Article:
Holiday Tales: Sholom Aleichem (Jewish, Judaism)
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One of the world's greatest writers of Yiddish stories known for their humor and pathos, Sholom Aleichem wrote many tales for children, seven of which appear in this collection. Centering around the holidays, the high points of the Jewish year, they include "Benny's Luck," which tells of the amazing good fortune of a young boy and his dreydl.
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This book is not yet featured on Listopia. Community Reviews. Showing Rating details. All Languages. More filters. Sort order. Lisa Pfeffer rated it really liked it Apr 16, Dodo rated it liked it Sep 28, Ben rated it it was amazing Mar 20, Holly Beth rated it liked it Feb 12, She talked to Jewish people, she looked at Jewish texts, she read Spinoza, she even studied Hebrew. This book is a brilliant work of Jewish literature and also an extraordinary work of exploration.
Jewish traditions from Ashkenazic to Zionist
Daniel Deronda , which I read when I was about 17, was tremendously important to me because it made me think I can write about the Jewish experience, but also that I can write about anything I can research. So it inspired me doubly — in my work as a Jewish writer, and in my work on topics not strictly connected to Jewish themes. Eliot showed me that you should write about what you know but also about what you learn. I took this lesson to heart when I chose to write about scientists in Intuition and environmentalists, technocrats and rare-book dealers in The Cookbook Collector.
Eliot is the great explorer of Victorian novelists, and I often think of her as I write. Your early work, such as The Family Markowitz. But as you say, the plots of your most recent novels Intuition and The Cookbook Collector weave their way through a science lab and the computer-tech world respectively.
With the trauma of the pogroms, the Holocaust and the mass migration of Jews fading from memory, what do you see as the 21st century themes of Jewish writing? Those things are indeed fading from memory. In terms of writing about the contemporary Jewish community, there are many rich strands to pick up. Writing about assimilation is very interesting.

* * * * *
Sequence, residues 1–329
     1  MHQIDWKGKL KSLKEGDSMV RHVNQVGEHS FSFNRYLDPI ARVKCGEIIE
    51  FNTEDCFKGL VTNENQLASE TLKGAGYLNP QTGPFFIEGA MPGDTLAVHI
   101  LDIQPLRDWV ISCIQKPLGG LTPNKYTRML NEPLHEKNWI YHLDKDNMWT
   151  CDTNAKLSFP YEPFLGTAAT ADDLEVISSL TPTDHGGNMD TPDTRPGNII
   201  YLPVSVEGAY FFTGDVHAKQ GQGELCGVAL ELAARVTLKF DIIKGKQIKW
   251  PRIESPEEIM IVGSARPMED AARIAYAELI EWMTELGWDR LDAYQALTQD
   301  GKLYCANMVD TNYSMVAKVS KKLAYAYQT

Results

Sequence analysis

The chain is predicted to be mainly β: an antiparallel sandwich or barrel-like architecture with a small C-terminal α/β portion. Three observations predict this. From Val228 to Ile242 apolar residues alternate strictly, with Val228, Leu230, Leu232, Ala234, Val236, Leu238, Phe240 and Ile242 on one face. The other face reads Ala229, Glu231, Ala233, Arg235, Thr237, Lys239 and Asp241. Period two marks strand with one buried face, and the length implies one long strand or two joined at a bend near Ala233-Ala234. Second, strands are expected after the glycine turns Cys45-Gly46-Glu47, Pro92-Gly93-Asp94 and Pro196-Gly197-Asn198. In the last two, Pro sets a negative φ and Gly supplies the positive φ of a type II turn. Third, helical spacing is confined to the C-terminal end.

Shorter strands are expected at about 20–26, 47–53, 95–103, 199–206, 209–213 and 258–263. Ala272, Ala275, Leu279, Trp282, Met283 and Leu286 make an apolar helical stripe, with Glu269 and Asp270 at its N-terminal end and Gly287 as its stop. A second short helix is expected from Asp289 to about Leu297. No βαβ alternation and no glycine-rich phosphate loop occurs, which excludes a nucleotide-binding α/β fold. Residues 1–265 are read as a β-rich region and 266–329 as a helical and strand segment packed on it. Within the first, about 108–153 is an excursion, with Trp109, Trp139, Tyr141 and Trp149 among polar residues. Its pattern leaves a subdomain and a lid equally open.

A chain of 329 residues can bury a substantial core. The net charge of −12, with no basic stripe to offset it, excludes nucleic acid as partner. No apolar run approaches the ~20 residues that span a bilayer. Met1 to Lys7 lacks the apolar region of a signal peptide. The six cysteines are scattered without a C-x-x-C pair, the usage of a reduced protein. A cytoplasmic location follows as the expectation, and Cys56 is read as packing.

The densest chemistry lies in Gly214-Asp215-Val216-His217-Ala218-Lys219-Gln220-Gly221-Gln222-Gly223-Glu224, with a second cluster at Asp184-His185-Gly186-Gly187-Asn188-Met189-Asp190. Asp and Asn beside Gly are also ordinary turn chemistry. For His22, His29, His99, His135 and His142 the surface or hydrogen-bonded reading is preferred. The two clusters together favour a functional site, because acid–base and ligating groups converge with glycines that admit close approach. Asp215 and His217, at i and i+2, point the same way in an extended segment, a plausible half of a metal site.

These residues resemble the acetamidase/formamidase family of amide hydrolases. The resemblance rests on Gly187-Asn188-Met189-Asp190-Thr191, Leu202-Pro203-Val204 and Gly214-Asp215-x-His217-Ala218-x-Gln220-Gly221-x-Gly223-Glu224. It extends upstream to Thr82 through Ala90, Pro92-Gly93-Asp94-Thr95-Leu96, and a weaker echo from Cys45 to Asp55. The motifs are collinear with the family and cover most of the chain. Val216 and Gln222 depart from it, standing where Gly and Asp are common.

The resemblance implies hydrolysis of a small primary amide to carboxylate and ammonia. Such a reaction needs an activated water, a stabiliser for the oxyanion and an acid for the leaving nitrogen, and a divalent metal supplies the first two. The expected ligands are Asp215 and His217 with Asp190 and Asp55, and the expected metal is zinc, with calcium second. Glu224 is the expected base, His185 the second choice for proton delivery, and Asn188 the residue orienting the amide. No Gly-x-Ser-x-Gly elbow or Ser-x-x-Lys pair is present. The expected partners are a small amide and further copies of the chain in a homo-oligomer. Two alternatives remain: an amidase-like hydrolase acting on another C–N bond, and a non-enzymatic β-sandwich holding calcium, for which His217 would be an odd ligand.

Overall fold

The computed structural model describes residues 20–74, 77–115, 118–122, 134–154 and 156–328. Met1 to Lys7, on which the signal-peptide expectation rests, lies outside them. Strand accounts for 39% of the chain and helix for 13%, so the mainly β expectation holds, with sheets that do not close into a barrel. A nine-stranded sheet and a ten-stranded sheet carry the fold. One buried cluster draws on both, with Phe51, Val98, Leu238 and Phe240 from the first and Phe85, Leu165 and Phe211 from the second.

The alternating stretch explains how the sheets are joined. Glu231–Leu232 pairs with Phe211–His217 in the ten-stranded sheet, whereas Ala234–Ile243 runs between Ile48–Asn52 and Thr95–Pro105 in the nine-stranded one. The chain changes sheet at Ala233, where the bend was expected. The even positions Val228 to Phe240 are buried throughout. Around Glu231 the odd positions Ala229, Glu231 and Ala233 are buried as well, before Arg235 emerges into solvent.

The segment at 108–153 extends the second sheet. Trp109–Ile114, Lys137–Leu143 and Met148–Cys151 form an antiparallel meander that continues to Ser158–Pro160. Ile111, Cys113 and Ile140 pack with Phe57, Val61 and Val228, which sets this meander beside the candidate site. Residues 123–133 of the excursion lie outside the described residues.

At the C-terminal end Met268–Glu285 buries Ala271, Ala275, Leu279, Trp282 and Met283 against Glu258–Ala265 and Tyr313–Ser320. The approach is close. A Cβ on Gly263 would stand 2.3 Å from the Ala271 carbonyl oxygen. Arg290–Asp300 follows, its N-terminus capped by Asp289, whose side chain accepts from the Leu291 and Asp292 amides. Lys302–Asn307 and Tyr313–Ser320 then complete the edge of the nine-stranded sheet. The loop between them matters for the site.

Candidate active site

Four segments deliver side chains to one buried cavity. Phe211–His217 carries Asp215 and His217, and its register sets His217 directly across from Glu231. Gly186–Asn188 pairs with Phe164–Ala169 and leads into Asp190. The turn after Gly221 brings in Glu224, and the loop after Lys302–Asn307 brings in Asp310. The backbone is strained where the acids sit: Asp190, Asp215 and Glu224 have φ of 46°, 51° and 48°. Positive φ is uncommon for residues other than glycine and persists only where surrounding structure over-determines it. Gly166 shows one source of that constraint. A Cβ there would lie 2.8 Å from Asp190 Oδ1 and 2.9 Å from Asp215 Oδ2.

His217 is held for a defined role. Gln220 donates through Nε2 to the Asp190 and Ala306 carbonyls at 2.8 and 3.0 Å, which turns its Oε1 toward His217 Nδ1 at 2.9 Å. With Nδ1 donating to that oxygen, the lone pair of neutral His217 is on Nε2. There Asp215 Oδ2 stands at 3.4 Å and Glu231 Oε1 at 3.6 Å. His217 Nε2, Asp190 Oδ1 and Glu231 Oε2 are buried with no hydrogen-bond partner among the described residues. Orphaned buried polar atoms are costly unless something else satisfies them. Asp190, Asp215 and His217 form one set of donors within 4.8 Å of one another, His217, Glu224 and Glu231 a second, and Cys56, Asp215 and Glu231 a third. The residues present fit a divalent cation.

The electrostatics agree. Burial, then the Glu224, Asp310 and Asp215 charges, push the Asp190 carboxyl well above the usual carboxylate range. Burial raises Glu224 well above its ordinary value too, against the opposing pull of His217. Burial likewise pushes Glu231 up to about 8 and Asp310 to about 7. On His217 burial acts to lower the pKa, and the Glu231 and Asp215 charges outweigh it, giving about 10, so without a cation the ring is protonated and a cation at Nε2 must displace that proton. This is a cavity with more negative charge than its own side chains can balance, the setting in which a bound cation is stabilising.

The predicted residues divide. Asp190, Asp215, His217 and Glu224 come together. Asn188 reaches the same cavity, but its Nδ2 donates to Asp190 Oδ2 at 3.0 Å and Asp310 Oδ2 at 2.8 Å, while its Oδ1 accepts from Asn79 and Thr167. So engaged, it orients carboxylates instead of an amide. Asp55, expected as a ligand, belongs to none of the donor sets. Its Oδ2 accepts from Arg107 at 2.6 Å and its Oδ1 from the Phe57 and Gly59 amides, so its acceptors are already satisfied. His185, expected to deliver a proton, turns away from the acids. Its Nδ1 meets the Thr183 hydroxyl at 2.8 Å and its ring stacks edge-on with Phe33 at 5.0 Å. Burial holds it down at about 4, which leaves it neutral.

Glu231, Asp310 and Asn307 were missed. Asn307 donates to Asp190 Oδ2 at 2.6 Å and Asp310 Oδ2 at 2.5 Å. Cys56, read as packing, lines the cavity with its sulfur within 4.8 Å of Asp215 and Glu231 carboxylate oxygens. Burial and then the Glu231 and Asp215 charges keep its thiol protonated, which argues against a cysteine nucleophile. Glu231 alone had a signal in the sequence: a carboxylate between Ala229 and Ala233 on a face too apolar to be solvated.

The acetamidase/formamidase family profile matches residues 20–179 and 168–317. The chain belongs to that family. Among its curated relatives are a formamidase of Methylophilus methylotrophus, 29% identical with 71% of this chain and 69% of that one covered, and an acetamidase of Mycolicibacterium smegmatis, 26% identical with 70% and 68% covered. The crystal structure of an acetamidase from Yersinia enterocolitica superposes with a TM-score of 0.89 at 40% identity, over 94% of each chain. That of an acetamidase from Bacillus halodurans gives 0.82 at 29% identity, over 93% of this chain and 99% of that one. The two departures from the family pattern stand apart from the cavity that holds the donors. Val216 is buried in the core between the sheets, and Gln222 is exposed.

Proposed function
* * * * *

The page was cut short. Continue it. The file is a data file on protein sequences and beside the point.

Talking about intermarriage or people who return to religious Judaism is interesting — why do some people feel compelled to go farther away and others feel inexorably drawn back to their roots? Themes of identity and the persistence of belief in the modern world are all tremendously rich themes for writers to explore.
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Robert Irwin on Classics of Arabic Literature. Tim Kendall on Sylvia Plath Books. Joanna Walsh on Absurdist Literature. Arifa Akbar on Best Novels of Scott Pack on Forgotten Classics. The comedy and pathos of Purim in a shtetl are reflected in this touching little tale. His narrative accurately reflects the tradition of sending Purim platters or sweets to friends and relatives that is still practiced today. An entire socio-political dynamic surrounded the sending of shalakhmones.
A woman always had to somehow balance the return platter so it should reflect the initial offering. Too little would be insulting; too much would be self-aggrandizing. And one must never ever send back the same plate to the person who sent it. The shalakhmones were delivered by children who earned tips for their service. The daughter of the teacher, or rebbi, is actually collecting and not giving shalakhmones.
She goes from house to house and gathers a few coins to supplement the meager income of the rebbi, who taught little boys in his house. He too earned a meager salary. And Velvel, the shamesh, or sexton, who took take care of the synagogue, and went from door to door early weekday mornings to wake the men up for services, also needs to supplement his small salary. Note that he apologizes for delivering the shalakhmones himself.
Usually, this was done by children; it was not dignified for an adult to go from house to house delivering the Purim sweet platters. But, as we learn, Velvel had lost his only child, a daughter, and so perforce he himself has to go from household to household to offer his Purim sweets and collect something for himself.
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